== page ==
At an afternoon press conference on Monday, June 24, Governor Jay Inslee announced that a long-contested state budget deal was "imminent"—just hours away. But by the time The Stranger went to press Tuesday, no agreement had been reached.
If lawmakers fail to pass a two-year budget before the current one expires June 30, the state will be plunged into a government shutdown. More than 25,000 state employees have already received layoff notices, and many thousands more private contractors stand to lose their jobs.
"The 8,000 employees at our state corrections system will be reduced to 3,000, and those layoffs will include our community corrections officers," state senate minority leader (and Seattle mayoral hopeful) Ed Murray (D-43) warned via e-mail. "Sex offenders will no longer be tracked. Our state prisons will close to new offenders, sending them instead to our already overburdened county jail facilities."
More to the point of the progressive agenda: Schools won't be able to budget, Murray continued, while programs to help the hungry, assist kids in preschool, provide services to the mentally ill, and aid other vulnerable populations will run dry.
But even if this short-term crisis is averted, the long-term crisis will remain. For the awful truth about Olympia is that it has been implementing a slow-motion government shutdown for years, and by taking us to the precipice of a fiscal cliff, Republicans have ensured at least two more years of the same.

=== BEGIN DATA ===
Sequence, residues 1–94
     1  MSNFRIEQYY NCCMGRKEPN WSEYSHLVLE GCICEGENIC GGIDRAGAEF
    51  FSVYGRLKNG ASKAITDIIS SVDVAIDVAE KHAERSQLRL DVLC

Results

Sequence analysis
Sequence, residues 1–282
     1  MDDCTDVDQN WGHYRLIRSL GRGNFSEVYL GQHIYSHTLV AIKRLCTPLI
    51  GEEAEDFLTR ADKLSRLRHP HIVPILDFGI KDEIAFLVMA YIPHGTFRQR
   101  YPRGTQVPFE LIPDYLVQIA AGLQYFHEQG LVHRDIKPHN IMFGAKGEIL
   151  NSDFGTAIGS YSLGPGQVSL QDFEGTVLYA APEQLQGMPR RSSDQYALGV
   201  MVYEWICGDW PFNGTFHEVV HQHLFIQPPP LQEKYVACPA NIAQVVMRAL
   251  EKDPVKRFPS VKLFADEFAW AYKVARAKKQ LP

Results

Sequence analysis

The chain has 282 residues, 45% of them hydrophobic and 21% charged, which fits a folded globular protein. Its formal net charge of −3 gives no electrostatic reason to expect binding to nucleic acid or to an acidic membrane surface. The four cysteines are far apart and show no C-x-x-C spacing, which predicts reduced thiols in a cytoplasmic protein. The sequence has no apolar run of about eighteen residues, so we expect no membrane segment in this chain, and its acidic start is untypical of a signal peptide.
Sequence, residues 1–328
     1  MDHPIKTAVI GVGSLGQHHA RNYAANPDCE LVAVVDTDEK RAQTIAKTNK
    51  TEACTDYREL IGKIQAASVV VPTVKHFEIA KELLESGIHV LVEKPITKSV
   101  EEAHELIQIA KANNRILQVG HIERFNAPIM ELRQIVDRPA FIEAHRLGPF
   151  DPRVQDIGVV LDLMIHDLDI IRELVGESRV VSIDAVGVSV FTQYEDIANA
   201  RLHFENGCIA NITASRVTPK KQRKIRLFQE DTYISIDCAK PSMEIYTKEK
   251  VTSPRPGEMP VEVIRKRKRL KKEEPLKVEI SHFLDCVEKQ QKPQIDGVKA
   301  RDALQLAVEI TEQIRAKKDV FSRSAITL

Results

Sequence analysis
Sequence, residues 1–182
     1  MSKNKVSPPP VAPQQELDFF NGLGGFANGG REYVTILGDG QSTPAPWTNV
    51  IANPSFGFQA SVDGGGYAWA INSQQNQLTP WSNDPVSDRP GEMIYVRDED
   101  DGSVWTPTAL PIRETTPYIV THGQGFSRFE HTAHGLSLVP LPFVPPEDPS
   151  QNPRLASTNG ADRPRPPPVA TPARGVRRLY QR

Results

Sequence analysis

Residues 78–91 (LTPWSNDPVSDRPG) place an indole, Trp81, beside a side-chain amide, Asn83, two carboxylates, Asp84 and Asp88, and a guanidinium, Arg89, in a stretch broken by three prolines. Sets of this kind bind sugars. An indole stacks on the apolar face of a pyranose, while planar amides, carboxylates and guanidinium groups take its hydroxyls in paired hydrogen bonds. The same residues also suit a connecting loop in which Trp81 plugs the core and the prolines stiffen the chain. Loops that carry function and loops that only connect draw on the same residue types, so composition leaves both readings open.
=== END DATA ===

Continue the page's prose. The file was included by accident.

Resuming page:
To enact a Republican agenda, all the GOP obstructionists have to do is nothing. Do nothing and our state's structural revenue deficit slowly starves universities, K-12 schools, health care, and capital investments. Do nothing and the only taxes at our disposal to address court orders and emergencies are taxes that regressively sap the poor. The GOP wins simply by keeping Olympia at loggerheads.
Even more discouragingly, state Democrats appear neither willing nor able to embrace the progressive narrative that President Obama and Senator Elizabeth Warren used so effectively last year: that everybody deserves a chance to succeed, and that the wealthy who profit the most from our system must also pay a greater share to fund the public schools, clinics, and infrastructure necessary for the success of all. If state Democratic leaders want to secure a progressive, sustainable budget, that is the story they must tell—broadly, boldly, and relentlessly. They need to barnstorm the state with one aim in mind: persuading voters to tax the wealthy and invest in our state. Only then will they have a political tailwind in Olympia.
For however strong the Democratic hold on the governor's mansion, unless Democrats find the will to champion the taxation of income and wealth, voters will keep getting the Republican agenda by default.